Kraton’s new technology is based on important attributes from its block copolymer technology (narrow molecular weight distribution, precise control of molecular structure) and using these attributes to design elastic molecules/polymers specifically for high-speed fiber spinning.

“There have been multiple test runs on Hills and Reicofil spunbond lines to prove the commercial viability of these polymers,” said Mr. Dieter.

In addition to improving fit, reducing noise in hygiene and adult incontinence products and medical applications is a trend that is gaining traction.

Kraton is working with North Carolina State University and other customers to develop soft, elastic durable fabrics for high performance clothing applications such as sportswear, uniforms, shoes and safety vests. “Better fitting garments for protective apparel that are lightweight and breathable while allowing stretch and recovery in critical areas such as shoulders, elbows and cuff areas are also in demand. High performance clothing manufacturers have been looking for durable elastic nonwoven fabrics that can provide the benefits of traditional woven materials while creating lighter weight and softer alternatives. The ability to be dyeable and/or printable with the proper choice of sheath material is of great interest,” said Mr. Dieter.

Propylene-Based Elastomers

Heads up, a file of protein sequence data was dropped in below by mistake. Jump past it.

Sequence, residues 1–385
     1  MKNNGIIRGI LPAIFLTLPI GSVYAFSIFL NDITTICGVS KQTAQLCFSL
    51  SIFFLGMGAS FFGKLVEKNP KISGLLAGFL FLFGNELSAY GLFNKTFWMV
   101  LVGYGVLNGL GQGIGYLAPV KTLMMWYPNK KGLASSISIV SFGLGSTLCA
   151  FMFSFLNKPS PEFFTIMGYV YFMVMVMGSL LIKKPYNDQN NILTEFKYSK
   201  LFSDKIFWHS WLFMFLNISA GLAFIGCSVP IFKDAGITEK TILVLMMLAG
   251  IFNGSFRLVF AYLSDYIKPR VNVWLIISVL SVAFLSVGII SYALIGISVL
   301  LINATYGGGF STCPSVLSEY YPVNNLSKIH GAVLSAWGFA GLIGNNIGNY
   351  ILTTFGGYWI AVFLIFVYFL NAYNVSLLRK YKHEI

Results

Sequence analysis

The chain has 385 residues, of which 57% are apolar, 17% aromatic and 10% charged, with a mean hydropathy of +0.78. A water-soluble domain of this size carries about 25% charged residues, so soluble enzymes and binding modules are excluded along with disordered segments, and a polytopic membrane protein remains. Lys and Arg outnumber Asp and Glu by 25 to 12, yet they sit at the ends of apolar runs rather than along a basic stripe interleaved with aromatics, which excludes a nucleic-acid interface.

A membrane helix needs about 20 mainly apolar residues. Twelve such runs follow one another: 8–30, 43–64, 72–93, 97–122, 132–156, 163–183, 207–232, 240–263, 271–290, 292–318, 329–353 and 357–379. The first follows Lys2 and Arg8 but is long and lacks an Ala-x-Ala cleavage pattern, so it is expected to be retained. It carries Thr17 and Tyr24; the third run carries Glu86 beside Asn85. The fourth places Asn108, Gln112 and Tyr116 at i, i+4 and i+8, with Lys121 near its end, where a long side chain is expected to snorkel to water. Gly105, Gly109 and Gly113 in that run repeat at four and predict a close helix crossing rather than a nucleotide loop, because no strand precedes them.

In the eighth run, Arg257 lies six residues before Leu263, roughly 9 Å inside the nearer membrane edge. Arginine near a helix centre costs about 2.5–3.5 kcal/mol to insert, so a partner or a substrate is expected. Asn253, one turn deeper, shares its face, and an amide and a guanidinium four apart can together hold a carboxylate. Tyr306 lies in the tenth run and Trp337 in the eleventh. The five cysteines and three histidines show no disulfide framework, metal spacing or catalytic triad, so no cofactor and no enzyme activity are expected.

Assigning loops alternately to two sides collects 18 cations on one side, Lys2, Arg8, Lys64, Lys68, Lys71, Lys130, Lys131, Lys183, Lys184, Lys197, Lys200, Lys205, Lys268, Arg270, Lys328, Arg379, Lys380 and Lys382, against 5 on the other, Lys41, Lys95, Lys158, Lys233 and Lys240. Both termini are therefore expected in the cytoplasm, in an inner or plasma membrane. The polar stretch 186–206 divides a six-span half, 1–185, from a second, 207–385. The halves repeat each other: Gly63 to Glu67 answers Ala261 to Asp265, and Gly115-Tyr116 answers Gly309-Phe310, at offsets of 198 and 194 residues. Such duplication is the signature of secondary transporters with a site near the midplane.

ExxonMobil Chemical has moved forward in the hygiene and personal care markets with its Vistamaxx propylene-based elastomers. Targeted to a wide range of market segments including hygiene absorbent products (HAP) such as diapers, personal care, medical, filtration, and industrial applications, Vistamaxx propylene-based elastomers are being used commercially in elastic hygiene applications in Asia, America and Europe.

“Vistamaxx propylene-based elastomers, converted either as film or as fibers, are persuading nonwovens and diaper designers to rethink component and diaper construction and manufacture,” said Olivier Georjon, global nonwovens market development manager.

He added, “It takes multiple forms from full nonwovens to film-nonwoven laminates, in a range of end-products from baby diapers, training pants and adult incontinence products. Multilayer constructions of pure Vistamaxx propylene-based elastomers with other polymers can be designed to provide good elastic performance to avoid diaper leakage, combined with pleasant touch, feel and aesthetics. Used as elastic ears or tabs, such fabrics run very well at commercial speeds on diaper fabrication lines, and resulting diapers have been validated by consumer panel tests. ”

Emphasizing that brand owners are looking for alternative elastic solutions that provide similar elastic performance, enhanced aesthetics and breathable elastic components with better comfort and fit, Mr. Georjon said, “Large elastic ears are now common in mature regions and are starting to penetrate emerging economies.”